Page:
In all, USADA said up to 10 former Armstrong teammates were set to testify against him. Had Armstrong chosen to pursue arbitration, USADA said, all the evidence would have been available for him to challenge.
“He chose not to do this knowing these sanctions would immediately be put into place,” the statement said.
Armstrong said he has grown tired of defending himself in a seemingly endless fight against charges that he doped while piling up more Tour victories than anyone. He has consistently pointed to the hundreds of drug tests that he passed as proof of his innocence during his extraordinary run of Tour titles.
“There comes a point in every man’s life when he has to say, ‘Enough is enough.’ For me, that time is now,” Armstrong said Thursday night, before the deadline to enter arbitration.
His success helped sell millions of the “Livestrong” plastic bracelets and enabled him to promote cancer awareness and research, raising nearly $500 million since his Lance Armstrong Foundation was started in 1997.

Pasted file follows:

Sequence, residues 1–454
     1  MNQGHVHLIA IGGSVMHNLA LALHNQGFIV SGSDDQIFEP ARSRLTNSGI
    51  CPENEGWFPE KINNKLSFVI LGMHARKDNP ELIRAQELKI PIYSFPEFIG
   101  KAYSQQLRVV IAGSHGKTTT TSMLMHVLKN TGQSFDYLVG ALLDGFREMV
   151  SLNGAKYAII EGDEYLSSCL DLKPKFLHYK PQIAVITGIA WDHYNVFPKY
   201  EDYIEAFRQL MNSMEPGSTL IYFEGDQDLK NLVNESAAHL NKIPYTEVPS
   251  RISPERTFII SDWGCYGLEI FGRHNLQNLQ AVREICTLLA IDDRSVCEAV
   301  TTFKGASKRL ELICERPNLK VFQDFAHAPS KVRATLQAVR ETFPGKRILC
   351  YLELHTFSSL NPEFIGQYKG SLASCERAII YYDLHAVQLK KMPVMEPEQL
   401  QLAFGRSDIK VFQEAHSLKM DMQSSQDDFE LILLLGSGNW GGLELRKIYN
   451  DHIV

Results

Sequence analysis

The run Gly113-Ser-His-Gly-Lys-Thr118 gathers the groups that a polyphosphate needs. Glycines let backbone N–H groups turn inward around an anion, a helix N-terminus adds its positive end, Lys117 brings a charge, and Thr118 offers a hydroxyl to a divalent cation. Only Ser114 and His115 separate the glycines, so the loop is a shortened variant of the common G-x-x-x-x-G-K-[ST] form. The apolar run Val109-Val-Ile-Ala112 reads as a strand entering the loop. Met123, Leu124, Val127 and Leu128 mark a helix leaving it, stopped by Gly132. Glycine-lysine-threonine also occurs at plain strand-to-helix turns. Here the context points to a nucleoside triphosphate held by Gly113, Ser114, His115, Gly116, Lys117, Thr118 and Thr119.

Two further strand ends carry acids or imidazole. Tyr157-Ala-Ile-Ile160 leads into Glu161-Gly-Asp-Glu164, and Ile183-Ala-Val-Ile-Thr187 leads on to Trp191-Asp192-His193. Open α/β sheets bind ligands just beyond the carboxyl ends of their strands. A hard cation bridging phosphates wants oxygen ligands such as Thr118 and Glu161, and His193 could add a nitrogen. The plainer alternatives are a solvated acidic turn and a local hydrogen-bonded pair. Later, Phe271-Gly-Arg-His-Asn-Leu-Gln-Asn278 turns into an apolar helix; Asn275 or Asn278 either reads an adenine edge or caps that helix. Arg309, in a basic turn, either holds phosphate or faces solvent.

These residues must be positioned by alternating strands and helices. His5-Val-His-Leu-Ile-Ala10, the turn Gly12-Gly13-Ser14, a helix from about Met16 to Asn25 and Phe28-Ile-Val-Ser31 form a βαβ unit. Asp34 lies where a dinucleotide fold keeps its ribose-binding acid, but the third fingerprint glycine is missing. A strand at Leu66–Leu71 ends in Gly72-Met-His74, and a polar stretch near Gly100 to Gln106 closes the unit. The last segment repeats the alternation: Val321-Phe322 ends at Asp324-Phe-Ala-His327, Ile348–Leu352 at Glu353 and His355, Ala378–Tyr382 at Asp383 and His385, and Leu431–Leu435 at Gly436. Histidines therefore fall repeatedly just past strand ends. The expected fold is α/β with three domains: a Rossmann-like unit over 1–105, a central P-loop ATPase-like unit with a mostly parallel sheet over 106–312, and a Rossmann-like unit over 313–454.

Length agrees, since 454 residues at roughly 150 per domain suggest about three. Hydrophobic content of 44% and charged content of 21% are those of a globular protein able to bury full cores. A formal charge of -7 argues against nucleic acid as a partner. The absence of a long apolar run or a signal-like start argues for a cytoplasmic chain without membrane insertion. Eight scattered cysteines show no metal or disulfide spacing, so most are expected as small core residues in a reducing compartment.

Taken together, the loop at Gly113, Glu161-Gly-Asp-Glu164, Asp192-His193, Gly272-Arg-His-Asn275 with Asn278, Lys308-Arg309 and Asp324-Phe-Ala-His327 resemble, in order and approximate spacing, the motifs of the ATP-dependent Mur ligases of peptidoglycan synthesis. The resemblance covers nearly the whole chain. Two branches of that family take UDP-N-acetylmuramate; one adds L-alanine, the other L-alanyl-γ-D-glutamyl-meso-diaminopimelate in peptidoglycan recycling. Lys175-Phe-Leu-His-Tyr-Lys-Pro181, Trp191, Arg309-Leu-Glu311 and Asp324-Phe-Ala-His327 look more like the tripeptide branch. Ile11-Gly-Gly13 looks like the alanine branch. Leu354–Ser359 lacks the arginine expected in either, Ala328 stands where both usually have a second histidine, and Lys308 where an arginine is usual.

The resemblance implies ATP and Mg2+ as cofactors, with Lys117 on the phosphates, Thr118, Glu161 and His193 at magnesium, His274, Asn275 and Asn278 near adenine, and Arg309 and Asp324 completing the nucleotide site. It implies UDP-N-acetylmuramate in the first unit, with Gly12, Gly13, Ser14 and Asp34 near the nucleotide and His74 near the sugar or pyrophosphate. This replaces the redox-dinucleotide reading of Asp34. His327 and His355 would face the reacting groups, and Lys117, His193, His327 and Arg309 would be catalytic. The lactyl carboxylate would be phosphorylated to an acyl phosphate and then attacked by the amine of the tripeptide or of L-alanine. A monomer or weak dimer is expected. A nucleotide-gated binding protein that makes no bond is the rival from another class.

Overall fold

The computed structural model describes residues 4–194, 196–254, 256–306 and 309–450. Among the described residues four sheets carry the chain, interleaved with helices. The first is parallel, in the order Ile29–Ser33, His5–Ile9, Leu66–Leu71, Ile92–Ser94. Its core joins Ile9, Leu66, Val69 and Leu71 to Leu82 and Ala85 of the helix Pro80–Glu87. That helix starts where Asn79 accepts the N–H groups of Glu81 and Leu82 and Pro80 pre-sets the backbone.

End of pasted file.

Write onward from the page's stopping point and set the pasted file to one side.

Foundation officials said they remained “proud” of Armstrong and had received hundreds of messages of support from donors, partners and supporters since his announcement. Among them was Nike Inc., which said it planned to continue supporting Armstrong and the foundation.
“Lance has stated his innocence and has been unwavering on this position,” the company said.
Anheuser-Busch said its partnership with Armstrong was unchanged. American Century Investments, another partner, issued a statement supporting him.